Challenging Stereotypes In To Kill A Mocking Bird

1684 words - 7 pages

It is a dark and beautiful night in downtown New York City. A young couple are strolling around town minding their own business. Suddenly, they feel tiny drops of water drizzling from the sky. It starts to rain. They make their way to an alley since it would be a much faster route. They come to a halt as they see three homeless black males sitting against the brick walls- right in their path. Their faces show anger and despair. The couple hesitate- not knowing what to do. Should they go back? Or should they go through? It’s as if their fear is instinctive as they stumble a bit, then freeze… Everyday, in the world, there are many times where situations like the one above occur. They affect all people and is a social part of life- stereotypes. In the situation above, it brings up controversial ideas that are very real in our society. They deal with racism, prejudice, discrimination, and with the most relevant being stereotypes. According to Merriam-Webster, stereotypes are “...conforming to a fixed pattern...an oversimplified opinion, prejudiced attitude, or uncritical judgement” (Merriam-Webster, Stereotype). They make people hold in mixed feelings when interacting with specific types of people since it all depends on the person. This causes people to have narrow minds, have negative attitudes, and hurt others. Why do we have these mindsets? Will they change? No one really knows. What we do know is that times have certainly changed than say the 1930s. In the book, “To Kill A Mockingbird” by Harper Lee, the topic of racism and stereotypes is greatly explored through the eyes of young Scout Finch, the protagonist, who is oblivious to the cruel world she lives in. Throughout the book, we can see that stereotypes are destructive to society by discouraging growth in individuals.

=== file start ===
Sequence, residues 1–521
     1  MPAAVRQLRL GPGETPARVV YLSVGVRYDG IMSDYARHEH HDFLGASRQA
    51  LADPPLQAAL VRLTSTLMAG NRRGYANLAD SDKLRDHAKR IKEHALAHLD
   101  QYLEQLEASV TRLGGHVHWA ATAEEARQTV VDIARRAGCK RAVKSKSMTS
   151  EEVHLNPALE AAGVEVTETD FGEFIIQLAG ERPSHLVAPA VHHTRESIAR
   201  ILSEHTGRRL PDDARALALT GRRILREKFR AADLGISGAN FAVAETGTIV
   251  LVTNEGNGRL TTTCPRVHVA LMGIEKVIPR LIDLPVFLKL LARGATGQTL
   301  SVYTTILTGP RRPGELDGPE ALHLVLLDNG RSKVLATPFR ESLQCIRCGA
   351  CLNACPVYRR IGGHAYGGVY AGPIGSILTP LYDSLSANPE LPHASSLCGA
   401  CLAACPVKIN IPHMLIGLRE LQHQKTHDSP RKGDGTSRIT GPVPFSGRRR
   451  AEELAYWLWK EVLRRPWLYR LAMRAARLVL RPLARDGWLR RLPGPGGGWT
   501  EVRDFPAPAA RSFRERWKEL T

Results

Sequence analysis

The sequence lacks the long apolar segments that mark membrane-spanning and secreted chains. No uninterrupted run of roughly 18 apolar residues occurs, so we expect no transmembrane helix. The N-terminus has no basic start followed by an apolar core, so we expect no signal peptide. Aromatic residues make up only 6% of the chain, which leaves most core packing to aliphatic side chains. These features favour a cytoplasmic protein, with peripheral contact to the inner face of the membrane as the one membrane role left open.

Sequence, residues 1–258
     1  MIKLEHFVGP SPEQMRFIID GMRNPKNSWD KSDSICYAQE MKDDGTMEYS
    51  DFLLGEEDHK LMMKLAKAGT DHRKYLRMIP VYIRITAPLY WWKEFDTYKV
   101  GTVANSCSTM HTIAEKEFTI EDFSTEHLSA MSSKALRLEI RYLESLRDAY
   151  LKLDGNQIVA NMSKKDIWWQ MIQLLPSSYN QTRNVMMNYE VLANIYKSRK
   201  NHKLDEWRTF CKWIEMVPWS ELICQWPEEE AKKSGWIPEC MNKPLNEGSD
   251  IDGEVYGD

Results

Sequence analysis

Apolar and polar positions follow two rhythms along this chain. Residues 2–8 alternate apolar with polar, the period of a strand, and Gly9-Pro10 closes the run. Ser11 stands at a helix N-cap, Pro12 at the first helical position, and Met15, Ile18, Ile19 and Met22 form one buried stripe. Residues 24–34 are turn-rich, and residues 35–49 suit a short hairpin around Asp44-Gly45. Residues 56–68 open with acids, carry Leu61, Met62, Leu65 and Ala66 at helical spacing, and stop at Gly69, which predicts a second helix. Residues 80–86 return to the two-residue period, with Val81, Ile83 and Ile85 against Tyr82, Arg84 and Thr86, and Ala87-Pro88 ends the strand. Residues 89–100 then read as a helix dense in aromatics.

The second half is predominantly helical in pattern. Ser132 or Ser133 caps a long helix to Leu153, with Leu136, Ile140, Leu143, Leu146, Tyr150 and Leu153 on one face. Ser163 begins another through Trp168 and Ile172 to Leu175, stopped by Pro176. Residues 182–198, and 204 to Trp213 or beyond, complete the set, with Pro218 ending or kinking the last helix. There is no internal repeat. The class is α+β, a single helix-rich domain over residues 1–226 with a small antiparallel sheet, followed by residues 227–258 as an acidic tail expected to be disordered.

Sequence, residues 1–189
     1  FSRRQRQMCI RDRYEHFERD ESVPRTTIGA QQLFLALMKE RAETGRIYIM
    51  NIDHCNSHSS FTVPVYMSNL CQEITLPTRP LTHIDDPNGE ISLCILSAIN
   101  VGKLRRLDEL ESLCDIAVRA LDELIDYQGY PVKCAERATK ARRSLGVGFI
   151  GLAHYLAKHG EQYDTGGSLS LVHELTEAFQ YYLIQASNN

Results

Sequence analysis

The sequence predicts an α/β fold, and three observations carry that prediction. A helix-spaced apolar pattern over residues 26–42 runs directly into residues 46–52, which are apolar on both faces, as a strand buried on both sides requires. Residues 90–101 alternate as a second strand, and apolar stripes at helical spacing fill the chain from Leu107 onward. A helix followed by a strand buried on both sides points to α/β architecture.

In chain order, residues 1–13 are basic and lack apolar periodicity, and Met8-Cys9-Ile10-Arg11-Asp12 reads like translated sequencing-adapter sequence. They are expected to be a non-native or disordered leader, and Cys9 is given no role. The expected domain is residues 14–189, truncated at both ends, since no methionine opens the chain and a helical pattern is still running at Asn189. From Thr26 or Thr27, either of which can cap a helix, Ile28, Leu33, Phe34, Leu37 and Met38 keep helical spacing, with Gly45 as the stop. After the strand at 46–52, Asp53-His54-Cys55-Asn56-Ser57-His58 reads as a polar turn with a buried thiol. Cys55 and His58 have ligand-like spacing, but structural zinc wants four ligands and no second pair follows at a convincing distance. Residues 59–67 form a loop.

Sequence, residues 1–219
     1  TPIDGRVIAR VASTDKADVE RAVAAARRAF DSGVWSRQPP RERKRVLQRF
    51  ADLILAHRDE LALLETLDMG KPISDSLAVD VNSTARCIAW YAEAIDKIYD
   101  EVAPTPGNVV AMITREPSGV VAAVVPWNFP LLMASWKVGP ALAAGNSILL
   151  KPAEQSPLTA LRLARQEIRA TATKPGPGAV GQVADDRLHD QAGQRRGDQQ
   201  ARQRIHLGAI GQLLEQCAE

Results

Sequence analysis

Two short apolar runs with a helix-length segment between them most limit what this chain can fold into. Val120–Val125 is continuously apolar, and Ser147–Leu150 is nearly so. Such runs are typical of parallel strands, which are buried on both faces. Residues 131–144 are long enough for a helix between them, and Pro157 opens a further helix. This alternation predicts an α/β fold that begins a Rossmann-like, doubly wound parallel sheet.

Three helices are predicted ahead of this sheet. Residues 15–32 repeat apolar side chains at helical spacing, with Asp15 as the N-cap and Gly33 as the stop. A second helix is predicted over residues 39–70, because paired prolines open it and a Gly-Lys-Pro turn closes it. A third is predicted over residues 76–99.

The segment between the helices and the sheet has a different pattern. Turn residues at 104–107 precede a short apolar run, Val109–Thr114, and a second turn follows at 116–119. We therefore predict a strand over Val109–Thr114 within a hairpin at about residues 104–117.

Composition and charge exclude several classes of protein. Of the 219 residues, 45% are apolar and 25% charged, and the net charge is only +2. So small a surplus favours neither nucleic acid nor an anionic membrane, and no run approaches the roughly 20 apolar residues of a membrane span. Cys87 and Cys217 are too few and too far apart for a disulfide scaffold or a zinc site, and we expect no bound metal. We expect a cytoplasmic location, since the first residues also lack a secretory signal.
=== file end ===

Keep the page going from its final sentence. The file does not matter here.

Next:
Stereotypes in its very nature is meant for people who think and act narrow mindedly s if they are not open for new ideas but instead are stuck to predeterminations. This makes us interact with others in a dishonest unnoble fashion. In the story, Cecil Jacobs, a classmate of Scout’s, uses a prejudice voice towards Scout’s father and his choices “You can just take that back, boy! This order, given by me to Cecil Jacobs…” (Lee, 99) This is because in “To Kill A Mockingbird”, Scout’s father, Atticus Finch, is defending a black man for his supposed crimes. Due to the town’s narrow-mindedness, this stirs up various rumors and opinions about Atticus- most being negative. And it is not just the adults who gossip as the children also get “the disease”(i.e., Cecil Jacobs). At one point, Scout’s older brother, Jem Finch, snaps on their neighbour Mrs. Dubose for being the “...vicious” woman she is (Lee, 133). He acts with much aggression and fury as he she too says bad things about Atticus. “...for a few minutes he simply went mad” (Lee, 136). Later on we see Jem regret his actions of being narrow-minded and not looking at life through Mrs.Dubose’s eyes due to the hard life she...

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